Before you go to the trouble and expense of creating a trademark for your company and then trying the register it with the Canadian Intellectual Property Office, you should do business name searches and make sure that your trademark or planned trademark does not violate any registering rules. Here are some features of trademarks that are not allowed to be registered in Canada. Try to avoid all of these features in order to have success when registering.

1. Only Has Names

If your trademark only contains a name, such as “John Smith,” you will not be able to register the trademark. This is because being allowed to register names as trademarks in confusing and could cause problems for those who have the same name as a name that was trademarked. You are, however, allowed to register a combination of name and other words, such as “John Smith’s Pizza.” You can also register a name if your name is commonly used as a proper noun, a noun, or a verb.

2. Includes Words Commonly Used to Describe Whatever You Are Selling

If your trademark contains words that are inherently characteristics of whatever it is you are trying to sell, then you will not be allowed to use the trademark. For example, if you try to name your cotton candy store “Sweet Cotton Candy,” you will not be allowed to trademark this name because if you did, then no other cotton candy vendor would be allowed to use the word sweet to describe their cotton candy. However, you could use the word “wholesome” in your trademark because most people would not use the word wholesome to describe an inherent quality of cotton candy.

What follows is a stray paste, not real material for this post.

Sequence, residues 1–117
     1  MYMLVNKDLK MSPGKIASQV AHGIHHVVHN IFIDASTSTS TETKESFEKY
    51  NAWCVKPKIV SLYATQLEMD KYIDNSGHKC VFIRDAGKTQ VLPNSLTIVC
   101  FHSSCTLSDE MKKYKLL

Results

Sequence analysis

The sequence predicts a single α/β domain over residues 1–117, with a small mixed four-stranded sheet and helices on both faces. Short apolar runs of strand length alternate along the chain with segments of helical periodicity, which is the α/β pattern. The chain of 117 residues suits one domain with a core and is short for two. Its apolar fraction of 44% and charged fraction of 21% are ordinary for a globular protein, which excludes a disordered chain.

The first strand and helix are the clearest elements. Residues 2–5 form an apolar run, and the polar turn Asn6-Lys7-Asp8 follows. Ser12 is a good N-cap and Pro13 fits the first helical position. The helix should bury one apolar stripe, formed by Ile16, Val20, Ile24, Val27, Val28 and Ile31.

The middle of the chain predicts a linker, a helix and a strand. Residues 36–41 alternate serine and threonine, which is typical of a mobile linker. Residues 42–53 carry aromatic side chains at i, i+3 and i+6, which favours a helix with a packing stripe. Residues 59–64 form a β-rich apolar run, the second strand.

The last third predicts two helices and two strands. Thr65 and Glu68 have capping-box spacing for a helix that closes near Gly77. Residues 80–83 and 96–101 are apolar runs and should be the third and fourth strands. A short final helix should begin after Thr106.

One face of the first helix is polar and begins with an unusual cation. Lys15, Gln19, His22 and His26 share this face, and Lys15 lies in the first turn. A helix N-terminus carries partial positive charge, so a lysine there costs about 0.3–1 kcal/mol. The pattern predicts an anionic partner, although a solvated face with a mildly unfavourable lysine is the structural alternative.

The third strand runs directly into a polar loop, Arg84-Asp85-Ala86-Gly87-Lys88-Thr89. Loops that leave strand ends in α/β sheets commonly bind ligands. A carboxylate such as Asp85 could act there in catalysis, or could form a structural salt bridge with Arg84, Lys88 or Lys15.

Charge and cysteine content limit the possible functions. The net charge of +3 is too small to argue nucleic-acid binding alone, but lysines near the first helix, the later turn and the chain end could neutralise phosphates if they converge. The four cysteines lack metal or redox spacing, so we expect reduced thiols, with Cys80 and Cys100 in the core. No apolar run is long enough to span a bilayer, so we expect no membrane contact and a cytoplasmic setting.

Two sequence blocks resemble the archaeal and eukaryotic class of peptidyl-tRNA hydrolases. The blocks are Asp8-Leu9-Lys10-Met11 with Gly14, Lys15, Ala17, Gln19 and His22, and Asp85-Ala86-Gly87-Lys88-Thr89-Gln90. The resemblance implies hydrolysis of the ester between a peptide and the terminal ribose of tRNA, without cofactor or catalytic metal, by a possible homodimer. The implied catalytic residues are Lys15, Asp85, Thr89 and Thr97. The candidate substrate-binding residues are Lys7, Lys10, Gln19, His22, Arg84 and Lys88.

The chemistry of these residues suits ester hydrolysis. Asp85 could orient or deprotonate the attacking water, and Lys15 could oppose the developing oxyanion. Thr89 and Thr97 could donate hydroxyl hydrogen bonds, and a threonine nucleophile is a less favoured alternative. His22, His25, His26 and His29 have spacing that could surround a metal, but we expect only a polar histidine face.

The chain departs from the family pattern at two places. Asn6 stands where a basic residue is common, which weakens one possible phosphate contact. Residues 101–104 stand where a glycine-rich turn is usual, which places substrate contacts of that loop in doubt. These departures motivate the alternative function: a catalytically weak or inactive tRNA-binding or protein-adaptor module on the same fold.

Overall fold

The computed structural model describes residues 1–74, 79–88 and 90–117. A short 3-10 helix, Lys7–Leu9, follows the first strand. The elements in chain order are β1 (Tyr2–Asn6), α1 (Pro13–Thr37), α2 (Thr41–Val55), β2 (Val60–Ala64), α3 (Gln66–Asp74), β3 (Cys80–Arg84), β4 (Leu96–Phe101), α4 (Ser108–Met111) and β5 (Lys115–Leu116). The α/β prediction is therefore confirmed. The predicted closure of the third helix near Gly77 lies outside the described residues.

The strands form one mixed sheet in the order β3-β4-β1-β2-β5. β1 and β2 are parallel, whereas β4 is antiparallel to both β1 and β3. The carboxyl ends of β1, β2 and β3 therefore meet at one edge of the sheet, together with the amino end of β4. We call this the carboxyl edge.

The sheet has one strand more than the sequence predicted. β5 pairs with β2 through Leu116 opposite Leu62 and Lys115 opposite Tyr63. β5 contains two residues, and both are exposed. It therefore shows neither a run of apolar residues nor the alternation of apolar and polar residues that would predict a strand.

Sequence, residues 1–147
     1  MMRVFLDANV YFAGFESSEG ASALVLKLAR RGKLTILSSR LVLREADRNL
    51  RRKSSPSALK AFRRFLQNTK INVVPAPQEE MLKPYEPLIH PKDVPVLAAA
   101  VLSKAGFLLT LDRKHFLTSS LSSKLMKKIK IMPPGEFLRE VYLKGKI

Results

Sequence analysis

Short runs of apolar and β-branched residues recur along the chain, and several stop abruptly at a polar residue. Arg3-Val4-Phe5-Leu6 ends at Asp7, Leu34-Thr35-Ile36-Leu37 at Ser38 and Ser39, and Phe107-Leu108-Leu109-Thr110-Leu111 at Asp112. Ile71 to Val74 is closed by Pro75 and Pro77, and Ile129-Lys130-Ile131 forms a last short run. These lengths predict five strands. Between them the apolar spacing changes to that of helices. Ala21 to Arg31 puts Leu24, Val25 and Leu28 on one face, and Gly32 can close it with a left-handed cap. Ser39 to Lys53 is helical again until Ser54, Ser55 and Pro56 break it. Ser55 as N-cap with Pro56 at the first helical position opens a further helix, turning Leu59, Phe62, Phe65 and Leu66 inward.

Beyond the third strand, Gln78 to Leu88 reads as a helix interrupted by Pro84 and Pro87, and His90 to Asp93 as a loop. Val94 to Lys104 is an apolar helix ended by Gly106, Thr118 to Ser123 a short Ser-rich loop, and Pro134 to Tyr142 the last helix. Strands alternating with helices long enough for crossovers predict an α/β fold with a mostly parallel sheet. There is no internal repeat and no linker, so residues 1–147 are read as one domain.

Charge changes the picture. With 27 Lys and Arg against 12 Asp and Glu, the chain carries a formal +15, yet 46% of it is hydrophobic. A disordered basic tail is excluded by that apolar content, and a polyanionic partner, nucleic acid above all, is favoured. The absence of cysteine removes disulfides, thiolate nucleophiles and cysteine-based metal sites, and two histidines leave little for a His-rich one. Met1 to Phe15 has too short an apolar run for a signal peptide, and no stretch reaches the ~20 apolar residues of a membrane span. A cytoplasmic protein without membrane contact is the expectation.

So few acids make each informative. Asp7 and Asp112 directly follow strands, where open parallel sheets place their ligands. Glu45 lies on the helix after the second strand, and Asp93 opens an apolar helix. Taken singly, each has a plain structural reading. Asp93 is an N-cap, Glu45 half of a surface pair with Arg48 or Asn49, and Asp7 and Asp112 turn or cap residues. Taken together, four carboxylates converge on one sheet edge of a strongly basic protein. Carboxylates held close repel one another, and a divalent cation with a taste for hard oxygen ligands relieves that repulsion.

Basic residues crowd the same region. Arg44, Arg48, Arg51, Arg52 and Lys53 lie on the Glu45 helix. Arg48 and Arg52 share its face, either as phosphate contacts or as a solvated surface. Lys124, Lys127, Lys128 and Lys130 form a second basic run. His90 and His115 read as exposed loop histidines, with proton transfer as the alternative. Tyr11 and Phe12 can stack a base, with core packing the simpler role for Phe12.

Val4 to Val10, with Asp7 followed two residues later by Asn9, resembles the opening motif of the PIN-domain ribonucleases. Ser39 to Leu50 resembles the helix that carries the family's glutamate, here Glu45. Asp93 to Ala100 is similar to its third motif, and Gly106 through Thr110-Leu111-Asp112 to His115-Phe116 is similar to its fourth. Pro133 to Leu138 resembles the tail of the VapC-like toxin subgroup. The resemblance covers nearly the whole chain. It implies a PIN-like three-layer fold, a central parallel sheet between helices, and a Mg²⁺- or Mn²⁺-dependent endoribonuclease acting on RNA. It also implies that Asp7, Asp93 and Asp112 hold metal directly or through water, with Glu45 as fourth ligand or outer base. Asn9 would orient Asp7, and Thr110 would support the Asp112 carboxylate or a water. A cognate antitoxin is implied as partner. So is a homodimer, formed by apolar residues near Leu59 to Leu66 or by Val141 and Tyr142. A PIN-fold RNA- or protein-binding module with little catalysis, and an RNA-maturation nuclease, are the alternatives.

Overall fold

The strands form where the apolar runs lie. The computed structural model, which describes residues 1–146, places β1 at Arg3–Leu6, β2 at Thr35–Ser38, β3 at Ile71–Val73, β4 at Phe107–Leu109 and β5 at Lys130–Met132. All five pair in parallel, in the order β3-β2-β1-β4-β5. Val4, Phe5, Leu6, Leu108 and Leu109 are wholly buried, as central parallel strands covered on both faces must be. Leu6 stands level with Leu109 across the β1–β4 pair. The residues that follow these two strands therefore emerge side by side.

3. Includes Descriptive Words That Don’t Actually Apply to Your Product

Another feature to avoid is using words that don’t actually apply to your product. For example, if you were to try to trademark the name “Hand-Sewn Camisoles” for your thin tank tops, but they are actually made by machines for 95% of the production process, you will not be allowed to use the name. This is because the name is misleading and does not really apply to your product. This rule is designed to prevent consumers from seeing trademarks that do not fully represent the truth.

4. Geographic Words that Ordinarily Apply to Your Product

Finally, you cannot use geographic words that would ordinarily apply to your product, like Florida for oranges. You could, however, use a geographic term that is not commonly associated with your product, such as Italy for viking swords. This is similar to how you cannot use descriptive words that are ordinarily associated with your product.

For more information, talk to a company that specializes in helping people register trademarks.